App For Energy Management: Researchers at the Graz University of Technology have developed an app for energy management. The goal is to control better the fluctuating and unpredictable energy supply from renewable energies and make it usable in everyday life.
In the future, the energy is to be produced exclusively by wind parks, solar systems, hydropower plants, etc. – that is, with renewable energy sources. This is the only way to implement the energy transition and promote sustainable climate protection. Generating electricity only with renewable energies also has weak points: They provide a lot of power when the sun shines, or the wind blows. This is often during the day, at rush hour, and cannot be planned at all. On the other hand, conventional power plants generate energy practically at the push of a button, i.e., exactly when it is needed and consumed.
Researchers now want to eliminate this weak point. Their idea: a combination of intelligent networked systems and innovative energy services based on artificial intelligence (AI). This can be, for example, predictive optimization of energy consumption or intelligent energy monitoring. The research group “Intelligent Energy Systems and Cyber-Physical Systems” at the Institute for Software Technology at the Technical University (TU) Graz has dealt with this. You want to make energy systems more efficient and intelligent, considering the interaction between people and technology. The result is an app for the energy management of the future.
App For Energy Management: Intelligent Electricity Meters Deliver The Data
The app for energy management is intended to motivate users to collect data relating to their energy consumption of electricity, heating, and cooling. For example, on which days they need a lot of energy and when consumption is rather low. This data is provided by intelligent electricity meters, so-called smart meters, and smart home devices. Gerald Schweiger, head of the research group, explains the aim of the app: “The data obtained can help us in the future to coordinate the available energy with demand in terms of location and time.”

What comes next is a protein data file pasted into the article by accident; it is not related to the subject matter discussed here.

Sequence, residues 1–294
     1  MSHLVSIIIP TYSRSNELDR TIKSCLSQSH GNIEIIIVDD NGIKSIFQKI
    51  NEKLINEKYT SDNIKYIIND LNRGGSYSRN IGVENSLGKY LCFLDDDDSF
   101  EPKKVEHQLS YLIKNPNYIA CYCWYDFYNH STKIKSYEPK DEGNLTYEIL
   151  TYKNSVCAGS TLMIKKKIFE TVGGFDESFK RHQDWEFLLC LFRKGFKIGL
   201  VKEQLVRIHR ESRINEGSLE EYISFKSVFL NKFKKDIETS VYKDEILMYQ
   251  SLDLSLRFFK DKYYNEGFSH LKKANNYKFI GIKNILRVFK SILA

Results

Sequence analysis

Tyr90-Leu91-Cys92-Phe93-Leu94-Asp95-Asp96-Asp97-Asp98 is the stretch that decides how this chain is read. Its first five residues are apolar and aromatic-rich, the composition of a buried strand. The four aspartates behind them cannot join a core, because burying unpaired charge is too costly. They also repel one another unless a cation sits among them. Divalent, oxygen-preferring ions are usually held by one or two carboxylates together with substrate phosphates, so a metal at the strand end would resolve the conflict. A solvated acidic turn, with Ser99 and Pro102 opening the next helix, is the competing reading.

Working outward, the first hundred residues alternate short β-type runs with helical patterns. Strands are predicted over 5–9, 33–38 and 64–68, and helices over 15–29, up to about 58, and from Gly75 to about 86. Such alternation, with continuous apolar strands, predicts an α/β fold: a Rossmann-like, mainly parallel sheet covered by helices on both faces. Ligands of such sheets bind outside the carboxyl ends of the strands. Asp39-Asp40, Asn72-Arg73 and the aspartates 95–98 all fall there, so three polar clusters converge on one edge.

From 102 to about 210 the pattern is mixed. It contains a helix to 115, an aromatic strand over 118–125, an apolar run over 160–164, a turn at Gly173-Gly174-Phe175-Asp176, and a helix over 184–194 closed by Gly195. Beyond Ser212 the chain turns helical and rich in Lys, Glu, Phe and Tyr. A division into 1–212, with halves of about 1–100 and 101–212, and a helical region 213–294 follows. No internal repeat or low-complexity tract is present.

The researchers have already tested their app for energy management in an initial field study. Some households in Upper Austria and Burgenland were involved. These households all had a so-called smart meter. This was also a prerequisite for the scientists, as the intelligent electricity meter’s data represents the basis for them. The artificial intelligence algorithms can then continue to work. The result was a forecast of the energy consumption of the individual households, which was based on the smart meter data and the special features and preferences of the users.
Psychologists Evaluate The Acceptance Of The App For Energy Management
For such an app for energy management of the future to make it to market launch, broad acceptance is necessary, especially for the use of smart meters, without which it is not possible to record individual power requirements. For this reason, the researchers cooperated with psychologists from the University of Graz. You asked around 260 people to find out something about this acceptance.
Your result shows that people who have a positive attitude towards smart meters and their active users are also greatly interested in using the technology for themselves, such as keeping an eye on their electricity consumption. As soon as the risks such as data misuse or external interference with the devices were in the foreground, the respondents were generally more negative about smart meters. “Overall, the study offers valuable information on which aspects should be communicated when introducing smart meters if the active integration of users into future energy systems is sought with the help of smart meters.”
When The Washing Machine Switches On Automatically
After the first field test of the app for energy management was completed and the app offered very reliable, individual, and precise consumption forecasts, the researchers found two areas of application in the energy sector. On the one hand, smart devices such as washing machines, air conditioning systems, or charging stations for electric cars could run automatically using the Internet of Things (IoT) infrastructure. Then these devices would always switch on when the electricity is particularly cheap. On the other hand, they can also be used to save energy.
The researchers know that data usage and data processing questions must be clarified before the market launch. “The more data the test subjects provide for training the AI, the better the technology works. On the one hand, we have to clarify how and who can access smart meter data automatically. On the other hand, privacy concepts are also required to enable users to have complete and transparent control over their data”.